(i) electrostatically charging a xerographic drum comprising a photoconductor layer;

(ii) exposing said drum to a radiation pattern to form an electrostatic latent image;

(iii) contacting said electrostatic latent image with toner to form a toner image; and

(iv) transferring at least a portion of said toner to said transparency.

References Cited UNITED STATES PATENTS 2,416,595 2/1947 Reynolds 271-57 2,953,454 9/1960 Berrnan 250-651 3,149,563 9/1964 Wartman et a1 25065.1 3,240,932 3/ 1966 Haines 25065.1 3,246,600 4/ 1966 Wartman et al 250-65.1 3,278,754 10/1966 Wallace 27157 3,280,735 10/1966 Clark et al. 250--65.1 3,360,652 12/1967 Bernous 307-252 0 RALPH G. NILSON, Primary Examiner C. E. CHURCH, Assistant Examiner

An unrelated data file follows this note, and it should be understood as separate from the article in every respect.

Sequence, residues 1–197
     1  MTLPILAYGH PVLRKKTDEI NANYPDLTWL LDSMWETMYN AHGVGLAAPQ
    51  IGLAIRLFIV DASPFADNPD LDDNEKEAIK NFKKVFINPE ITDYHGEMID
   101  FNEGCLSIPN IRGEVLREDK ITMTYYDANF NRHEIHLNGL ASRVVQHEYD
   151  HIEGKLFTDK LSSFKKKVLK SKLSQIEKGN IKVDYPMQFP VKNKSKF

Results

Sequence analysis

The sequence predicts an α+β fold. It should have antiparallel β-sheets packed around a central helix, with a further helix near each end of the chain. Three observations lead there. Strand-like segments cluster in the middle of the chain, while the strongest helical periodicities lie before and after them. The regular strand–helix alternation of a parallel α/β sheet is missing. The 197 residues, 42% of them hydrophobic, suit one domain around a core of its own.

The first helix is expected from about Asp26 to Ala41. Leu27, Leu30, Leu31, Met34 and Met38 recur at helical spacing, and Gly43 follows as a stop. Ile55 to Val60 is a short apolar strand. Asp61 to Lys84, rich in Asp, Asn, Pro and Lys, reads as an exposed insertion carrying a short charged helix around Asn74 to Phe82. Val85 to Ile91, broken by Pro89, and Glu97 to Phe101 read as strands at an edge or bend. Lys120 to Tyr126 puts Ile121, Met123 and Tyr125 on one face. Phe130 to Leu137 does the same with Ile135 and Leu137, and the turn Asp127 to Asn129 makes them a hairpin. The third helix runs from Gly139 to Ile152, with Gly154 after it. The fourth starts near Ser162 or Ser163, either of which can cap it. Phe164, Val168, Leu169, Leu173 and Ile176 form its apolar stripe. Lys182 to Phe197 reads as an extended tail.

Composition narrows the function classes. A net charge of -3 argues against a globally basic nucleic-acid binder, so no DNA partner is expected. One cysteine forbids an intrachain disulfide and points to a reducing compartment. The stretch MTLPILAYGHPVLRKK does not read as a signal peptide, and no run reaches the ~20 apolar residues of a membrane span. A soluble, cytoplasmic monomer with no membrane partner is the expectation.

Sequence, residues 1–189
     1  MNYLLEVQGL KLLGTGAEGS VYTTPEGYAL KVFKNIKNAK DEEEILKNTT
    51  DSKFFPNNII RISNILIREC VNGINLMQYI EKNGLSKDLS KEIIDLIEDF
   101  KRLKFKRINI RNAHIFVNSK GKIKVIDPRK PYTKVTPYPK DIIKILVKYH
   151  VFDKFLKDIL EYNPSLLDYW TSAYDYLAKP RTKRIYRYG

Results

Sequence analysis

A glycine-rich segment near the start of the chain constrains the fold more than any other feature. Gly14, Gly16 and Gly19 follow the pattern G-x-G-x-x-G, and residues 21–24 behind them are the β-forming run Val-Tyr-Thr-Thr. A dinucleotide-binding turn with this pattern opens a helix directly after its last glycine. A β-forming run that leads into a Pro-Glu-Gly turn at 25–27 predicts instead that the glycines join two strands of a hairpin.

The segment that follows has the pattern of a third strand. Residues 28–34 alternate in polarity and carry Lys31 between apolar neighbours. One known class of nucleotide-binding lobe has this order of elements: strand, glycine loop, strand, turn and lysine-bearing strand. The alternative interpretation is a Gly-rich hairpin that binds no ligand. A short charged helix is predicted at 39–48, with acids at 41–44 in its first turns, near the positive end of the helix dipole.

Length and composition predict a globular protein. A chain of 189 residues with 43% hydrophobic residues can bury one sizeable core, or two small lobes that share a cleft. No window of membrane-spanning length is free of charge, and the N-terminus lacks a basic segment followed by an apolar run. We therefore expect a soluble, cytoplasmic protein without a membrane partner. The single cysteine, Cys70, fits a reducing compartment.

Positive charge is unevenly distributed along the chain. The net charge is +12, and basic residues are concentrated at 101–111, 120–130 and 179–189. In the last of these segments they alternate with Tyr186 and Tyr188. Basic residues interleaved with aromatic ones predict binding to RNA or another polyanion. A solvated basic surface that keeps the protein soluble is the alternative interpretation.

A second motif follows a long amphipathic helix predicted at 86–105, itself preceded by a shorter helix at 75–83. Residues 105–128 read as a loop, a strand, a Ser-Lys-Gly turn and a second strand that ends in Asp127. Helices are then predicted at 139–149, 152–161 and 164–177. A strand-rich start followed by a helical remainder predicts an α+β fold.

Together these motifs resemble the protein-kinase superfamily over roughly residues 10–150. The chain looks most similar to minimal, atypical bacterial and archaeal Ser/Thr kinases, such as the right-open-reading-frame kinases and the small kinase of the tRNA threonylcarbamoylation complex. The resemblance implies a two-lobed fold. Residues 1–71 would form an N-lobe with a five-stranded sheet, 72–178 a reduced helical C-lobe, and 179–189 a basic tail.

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Referenced by
Citing PatentFiling datePublication dateApplicantTitle
US4073585 *Jul 27, 1976Feb 14, 1978Rank Xerox Ltd.Sheet removing device for use in electrophotographic copying machine
Classifications
U.S. Classification250/315.3
International ClassificationG03G15/00
Cooperative ClassificationG03G15/706
European ClassificationG03G15/70D